Sound and fury signify nothing
Geostorm, playing a satellite engineer – unaccountably gifted with his fists, naturally – who is trying to avert the end of the freakin’ world while frantically whirling around on an exploding space station. The set up tells us that in 2019 climate change has got so far off the leash that humanity’s survival is threatened. Cue a whole lot of cut-rate CGI variously burning, freezing or drowning a few hundred over-emoting extras in a compendium of scenes that look uncannily like out-takes from Roland Emmerich’s 2012 and The Day After Tomorrow. Geostorm director Dean Devlin is a friend and colleague of Emmerich’s, so this might actually be true. Humanity saved itself, we are told, by building a net of satellites to control the climate. But now some pesky villain has planted a virus in the satellites, causing them to either incinerate or freeze a bunch of locations where, presumably, the tax incentives for filming were the most generous.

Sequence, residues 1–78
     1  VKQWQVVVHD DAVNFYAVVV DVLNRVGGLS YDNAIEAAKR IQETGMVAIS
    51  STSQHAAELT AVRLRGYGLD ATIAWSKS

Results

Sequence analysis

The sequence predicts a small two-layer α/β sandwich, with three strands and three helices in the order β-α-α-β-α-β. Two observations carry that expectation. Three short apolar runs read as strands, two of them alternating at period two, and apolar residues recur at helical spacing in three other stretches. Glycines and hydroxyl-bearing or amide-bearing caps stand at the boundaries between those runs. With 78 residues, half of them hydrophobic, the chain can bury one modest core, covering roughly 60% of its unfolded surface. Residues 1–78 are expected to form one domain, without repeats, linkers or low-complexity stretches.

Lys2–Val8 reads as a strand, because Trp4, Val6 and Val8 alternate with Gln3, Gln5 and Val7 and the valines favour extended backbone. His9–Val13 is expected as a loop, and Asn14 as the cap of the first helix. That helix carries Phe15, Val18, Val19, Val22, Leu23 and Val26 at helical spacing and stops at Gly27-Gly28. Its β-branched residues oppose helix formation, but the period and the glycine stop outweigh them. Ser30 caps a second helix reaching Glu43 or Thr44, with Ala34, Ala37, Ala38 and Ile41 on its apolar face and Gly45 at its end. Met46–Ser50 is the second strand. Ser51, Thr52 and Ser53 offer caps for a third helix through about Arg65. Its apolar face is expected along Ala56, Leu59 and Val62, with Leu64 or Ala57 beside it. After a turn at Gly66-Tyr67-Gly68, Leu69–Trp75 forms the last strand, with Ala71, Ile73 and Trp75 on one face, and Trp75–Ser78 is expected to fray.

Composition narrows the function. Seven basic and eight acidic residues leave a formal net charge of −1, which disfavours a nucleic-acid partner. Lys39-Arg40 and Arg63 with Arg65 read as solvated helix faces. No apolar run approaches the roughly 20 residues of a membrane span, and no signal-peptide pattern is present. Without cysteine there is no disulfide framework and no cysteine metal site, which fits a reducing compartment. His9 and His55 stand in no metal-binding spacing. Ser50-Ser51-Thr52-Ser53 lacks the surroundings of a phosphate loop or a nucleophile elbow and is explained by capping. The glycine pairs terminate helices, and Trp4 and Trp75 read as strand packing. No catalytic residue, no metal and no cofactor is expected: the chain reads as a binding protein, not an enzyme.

The fact that the salvation of the world eventually comes down to a whole bunch of ludicrous male posturing, a car chase and a fist fight won’t surprise anyone at all. Listen, Geostorm isn’t a truly dreadful film. With Butler, Ed Harris, Abbie Cornish and Andy Garcia all on board, it is at least acted with a degree of conviction and brio. But Geostorm is tonedeaf, witless, oddly unspectacular and utterly disposable. Wait for the (legal) download. – Graeme Tuckett
Gerard Butler is in his element in Geostorm, which suffers badly from Doomsday deja vu.